Monday, September 20, 2010

Haunting Question

“The question that haunts every parent of a child with autism is, What will happen when I die?”

The Atlantic runs a portrait of the first autism patient (“Case 1 - Donald T. ”), whose condition was documented in 1943. The life of Donald Gray Triplett, now 77, gives hope to every parent of an autistic child. Donald’s parents have been gone over 25 years, and their son “has freedom, independence, and good health. All in all, life has turned out well for autism’s first child.”

Donald’s typical day in Forest, Mississippi, is “morning coffee with friends, a long walk for exercise, a Bonanza rerun on TV, and [a] short drive down Route 80 to get in some golf.”

Donald was blessed with parents of means. More importantly, they indefatigably pursued the best treatments of the day, pulling the plug when they didn’t work. His lawyer father’s 33-page letter to a psychiatrist about his 5-year-old son is the first detailed listing of the symptoms of autism . (It doesn’t say so in the article, but it’s possible that the senior Triplett would today be placed somewhere on the autistic spectrum.)

Donald’s brother, Oliver, looks after him, as do other members of the Forest community. It helps that an irrevocable trust (Donald cannot touch the principal) provides for his basic needs and that his housing--he lives in his parents’ house—is taken care of. Donald is high-functioning; he is proficient with numbers and has learned enough skills to interact with others on a day-to-day basis. (It’s likely, however, that most “normal” people can tell he is “different” within just a few seconds of watching or talking to him.)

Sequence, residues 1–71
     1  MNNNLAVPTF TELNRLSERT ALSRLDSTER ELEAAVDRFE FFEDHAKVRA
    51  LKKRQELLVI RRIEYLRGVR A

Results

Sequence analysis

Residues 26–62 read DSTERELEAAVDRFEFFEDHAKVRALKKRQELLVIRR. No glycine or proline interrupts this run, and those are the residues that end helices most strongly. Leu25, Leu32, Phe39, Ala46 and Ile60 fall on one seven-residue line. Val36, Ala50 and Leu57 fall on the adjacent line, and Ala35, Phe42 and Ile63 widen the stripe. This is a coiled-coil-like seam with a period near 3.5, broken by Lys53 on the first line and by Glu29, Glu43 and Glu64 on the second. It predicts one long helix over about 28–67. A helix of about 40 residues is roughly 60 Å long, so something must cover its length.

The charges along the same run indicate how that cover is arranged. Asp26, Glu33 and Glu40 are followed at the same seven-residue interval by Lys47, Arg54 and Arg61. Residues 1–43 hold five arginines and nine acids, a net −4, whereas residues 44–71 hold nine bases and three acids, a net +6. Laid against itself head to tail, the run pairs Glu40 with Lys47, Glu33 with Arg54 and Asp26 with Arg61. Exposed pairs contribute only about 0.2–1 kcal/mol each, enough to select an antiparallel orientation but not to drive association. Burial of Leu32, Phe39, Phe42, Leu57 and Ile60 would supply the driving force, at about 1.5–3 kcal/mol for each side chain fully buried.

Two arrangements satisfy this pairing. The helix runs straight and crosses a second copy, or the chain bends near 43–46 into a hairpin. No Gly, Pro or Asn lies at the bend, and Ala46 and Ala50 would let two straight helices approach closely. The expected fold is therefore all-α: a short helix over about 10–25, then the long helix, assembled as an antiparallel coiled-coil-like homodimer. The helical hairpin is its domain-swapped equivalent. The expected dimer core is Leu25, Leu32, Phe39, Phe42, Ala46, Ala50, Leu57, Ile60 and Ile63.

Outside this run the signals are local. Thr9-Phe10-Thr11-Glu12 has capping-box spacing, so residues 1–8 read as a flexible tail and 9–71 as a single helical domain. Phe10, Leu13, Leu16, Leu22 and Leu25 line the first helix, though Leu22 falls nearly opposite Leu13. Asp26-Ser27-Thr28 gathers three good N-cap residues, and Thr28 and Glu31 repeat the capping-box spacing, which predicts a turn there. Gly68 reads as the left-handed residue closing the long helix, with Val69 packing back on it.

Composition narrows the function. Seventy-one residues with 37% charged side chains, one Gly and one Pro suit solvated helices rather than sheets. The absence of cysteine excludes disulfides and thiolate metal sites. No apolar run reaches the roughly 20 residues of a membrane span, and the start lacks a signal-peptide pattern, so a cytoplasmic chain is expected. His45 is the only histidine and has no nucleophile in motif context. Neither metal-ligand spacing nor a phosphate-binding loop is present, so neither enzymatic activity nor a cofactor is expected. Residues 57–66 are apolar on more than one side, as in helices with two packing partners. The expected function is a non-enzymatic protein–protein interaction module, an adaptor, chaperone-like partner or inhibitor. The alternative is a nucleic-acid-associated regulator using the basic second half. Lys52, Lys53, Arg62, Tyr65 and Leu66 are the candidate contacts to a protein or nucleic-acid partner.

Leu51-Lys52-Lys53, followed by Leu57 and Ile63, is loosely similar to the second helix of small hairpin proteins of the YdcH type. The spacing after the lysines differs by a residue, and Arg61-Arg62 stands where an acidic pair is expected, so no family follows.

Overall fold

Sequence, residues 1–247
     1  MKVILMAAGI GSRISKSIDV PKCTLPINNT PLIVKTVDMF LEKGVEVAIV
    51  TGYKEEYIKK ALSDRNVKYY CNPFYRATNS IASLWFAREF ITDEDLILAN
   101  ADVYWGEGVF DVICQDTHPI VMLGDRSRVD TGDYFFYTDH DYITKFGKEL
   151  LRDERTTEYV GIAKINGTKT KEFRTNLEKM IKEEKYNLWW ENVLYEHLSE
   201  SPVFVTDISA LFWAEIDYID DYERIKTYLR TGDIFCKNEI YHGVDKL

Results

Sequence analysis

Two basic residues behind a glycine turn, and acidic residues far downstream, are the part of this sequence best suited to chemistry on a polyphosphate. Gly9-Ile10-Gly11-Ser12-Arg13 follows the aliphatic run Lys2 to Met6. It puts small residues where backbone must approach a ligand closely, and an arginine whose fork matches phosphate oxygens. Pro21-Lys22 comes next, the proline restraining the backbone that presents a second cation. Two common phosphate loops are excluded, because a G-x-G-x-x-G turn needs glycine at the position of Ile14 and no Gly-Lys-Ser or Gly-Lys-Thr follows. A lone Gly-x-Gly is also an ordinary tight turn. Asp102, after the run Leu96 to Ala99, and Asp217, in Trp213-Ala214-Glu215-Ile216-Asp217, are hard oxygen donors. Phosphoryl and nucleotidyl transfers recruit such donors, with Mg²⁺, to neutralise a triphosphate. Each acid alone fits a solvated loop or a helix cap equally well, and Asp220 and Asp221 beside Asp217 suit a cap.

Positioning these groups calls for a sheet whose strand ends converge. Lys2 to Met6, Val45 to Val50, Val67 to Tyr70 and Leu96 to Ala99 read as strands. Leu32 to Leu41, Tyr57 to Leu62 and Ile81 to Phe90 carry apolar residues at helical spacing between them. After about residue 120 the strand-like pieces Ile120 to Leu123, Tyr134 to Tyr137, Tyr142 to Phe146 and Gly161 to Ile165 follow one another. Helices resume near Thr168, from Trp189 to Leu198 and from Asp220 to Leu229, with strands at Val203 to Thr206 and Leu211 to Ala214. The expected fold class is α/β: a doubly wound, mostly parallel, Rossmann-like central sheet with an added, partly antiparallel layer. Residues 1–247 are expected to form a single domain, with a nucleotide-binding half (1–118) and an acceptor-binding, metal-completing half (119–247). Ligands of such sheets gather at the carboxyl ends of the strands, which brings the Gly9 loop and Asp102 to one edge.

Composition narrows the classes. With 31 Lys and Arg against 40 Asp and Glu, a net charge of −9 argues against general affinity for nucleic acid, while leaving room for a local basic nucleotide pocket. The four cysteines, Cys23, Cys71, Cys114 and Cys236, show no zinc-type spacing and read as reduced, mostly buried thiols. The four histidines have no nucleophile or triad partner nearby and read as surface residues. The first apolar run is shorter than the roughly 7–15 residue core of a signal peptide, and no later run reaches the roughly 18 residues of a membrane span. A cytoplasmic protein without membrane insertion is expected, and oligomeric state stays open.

Donald reached his potential thanks, in large part, to the world he occupied—the world of Forest, Mississippi—and how it decided to respond to the odd child in its midst. Peter Gerhardt speaks of the importance of any community’s “acceptance” of those who have autism. In Forest, it appears, Donald was showered with acceptance, starting with the mother who defied experts to bring him back home, and continuing on to classmates from his childhood and golfing partners today. Donald’s neighbors not only shrug off his oddities, but openly admire his strengths—while taking a protective stance with any outsider whose intentions toward Donald may not have been sufficiently spelled out.
Whether one agrees with Hillary Clinton’s statement, it’s very clear that it does take a village to look after adults with autism. It also is likely that these special people have a better chance at happy, fulfilling lives in the towns of “flyover country” instead of the urban jungle.

Interesting throughout.

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